Large language models are unique because you can get good results with in-context learning (i.e., prompting) at inference time. This is much cheaper and more flexible than fine-tuning a model.
But what happens when you have too much data to fit in a prompt but don’t want to fine-tune it? How do you provide the proper context for those models?
You have a few choices:
- Use the model with the most significant context window. For example, most models have a limit of 4k tokens (prompt and completion included), but GPT-4 has a window size of 32k tokens.
- Use a vector database to perform a similarity search to filter down the relevant context for the model. Only a subset (e.g., the three most similar sentences or paragraphs) are included in the prompt.
- Use a traditional search engine (e.g., ElasticSearch, Bing) to retrieve information. Unlike similarity search, there’s more semantic work to be done here (but possibly more relevant results).
- Use an alternative architecture where the model does some routing to more specific models or information retrieval itself (e.g., Google’s Pathways architecture)
What will be the dominant architecture in the future? Napkin math look at the cost of different methods. It’s a bit of an apples-and-oranges comparison — there are use cases that only work with a specific method, but this just looks at the use case of augmenting in-context learning with the relevant data.
(Let’s assume 1 page ~= 500 words, and 1 sentence ~= 15 words, 1 word ~= 5 characters).
Using the largest model. With large context lengths, let’s estimate there’s a 9:1 split between prompt tokens (currently $0.06/1k tokens) and sampled tokens ($0.12/1k tokens). This comes out to a blended $0.066 / 1k tokens.
Using OpenAI’s embeddings, 1 token ~= 4 characters in English, or 100 tokens ~= 75 words.
At the full token capacity, that’s $2.112 per query containing 24,000 words.
Vector search. You can convert chunks of text to vectors, let’s say a sentence per vector for retrieval for simplicity. In practice, chunk sizes might be larger (paragraphs) or shorter (single tokens).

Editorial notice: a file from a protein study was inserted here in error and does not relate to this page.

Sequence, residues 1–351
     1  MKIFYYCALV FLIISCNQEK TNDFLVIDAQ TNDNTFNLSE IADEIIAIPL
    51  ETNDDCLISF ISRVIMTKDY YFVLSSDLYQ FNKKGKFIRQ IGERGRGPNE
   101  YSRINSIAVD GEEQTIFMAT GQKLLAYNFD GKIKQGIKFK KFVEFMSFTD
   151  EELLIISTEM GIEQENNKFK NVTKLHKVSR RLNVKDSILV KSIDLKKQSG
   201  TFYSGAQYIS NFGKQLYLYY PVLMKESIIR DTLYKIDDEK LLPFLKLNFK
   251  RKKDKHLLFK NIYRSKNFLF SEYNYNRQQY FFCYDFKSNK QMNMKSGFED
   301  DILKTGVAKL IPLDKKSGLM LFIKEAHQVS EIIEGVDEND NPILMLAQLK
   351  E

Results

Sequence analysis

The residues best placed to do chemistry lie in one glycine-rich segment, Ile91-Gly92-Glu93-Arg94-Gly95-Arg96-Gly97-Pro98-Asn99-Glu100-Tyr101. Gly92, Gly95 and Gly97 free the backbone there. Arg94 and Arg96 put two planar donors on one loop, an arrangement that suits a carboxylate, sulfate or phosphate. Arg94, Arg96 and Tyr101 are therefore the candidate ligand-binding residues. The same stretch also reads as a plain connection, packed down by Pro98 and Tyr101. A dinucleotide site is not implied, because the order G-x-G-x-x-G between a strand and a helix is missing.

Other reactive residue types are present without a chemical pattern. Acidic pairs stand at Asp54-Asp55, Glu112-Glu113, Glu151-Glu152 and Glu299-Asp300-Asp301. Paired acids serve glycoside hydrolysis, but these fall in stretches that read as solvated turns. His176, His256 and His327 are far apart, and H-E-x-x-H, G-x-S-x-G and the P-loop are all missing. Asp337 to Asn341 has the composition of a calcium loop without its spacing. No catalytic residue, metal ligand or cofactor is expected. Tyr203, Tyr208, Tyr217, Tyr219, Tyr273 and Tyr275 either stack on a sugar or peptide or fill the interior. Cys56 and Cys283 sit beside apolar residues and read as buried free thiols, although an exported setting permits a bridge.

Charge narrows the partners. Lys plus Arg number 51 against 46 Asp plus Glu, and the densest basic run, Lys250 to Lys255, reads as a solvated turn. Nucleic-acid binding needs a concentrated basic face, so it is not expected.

Vector sizes. Let’s use 1536 dimensions since that’s the size of OpenAI’s embeddings. In practice, you would probably use a lower dimensionality to store in a vector database (768 or even 256). Pinecone, a vector database, has a standard tier that roughly fits up to 5mm 768-dimensional vectors, costing $0.096/hour or ~$70/mo. This includes compute. Let’s assume this equates to 2.5mm dim(1536) vectors.
A rough calculation of the storage size required for 2.5mm 1536-dimensional vectors (assuming float32).
2.5mm vectors * 1536 dimensions * 4 bytes per dimension ~= 15GB
That’s about 1.875mm words. Significantly larger than even the largest context window. Assuming 100 queries/day, that’s $0.023 per query.
Of course, you still need to put the relevant documents in the prompt.
Essentially, as long as the similarity search reduces the query by ~1% ($0.023/$2.112) tokens, you should run the vector search first. This seems like the no-brainer it is today.
The numerator ($/vector search) and the denominator ($/token) are likely to decrease over time. However, the $/token costs are likely to fall much faster than the vector database cost. If token costs fall 10x faster, we’re looking at a 10% trade-off. Maybe a different story.
Additional costs: maintaining the vector database infrastructure, added latency to make a database call first (who knows how slow the 32k-prompt models will be — a difference calculation), the margin of error (what finds the relevant information more often?), and the developer experience (a data pipeline vs. “put it all in the prompt”).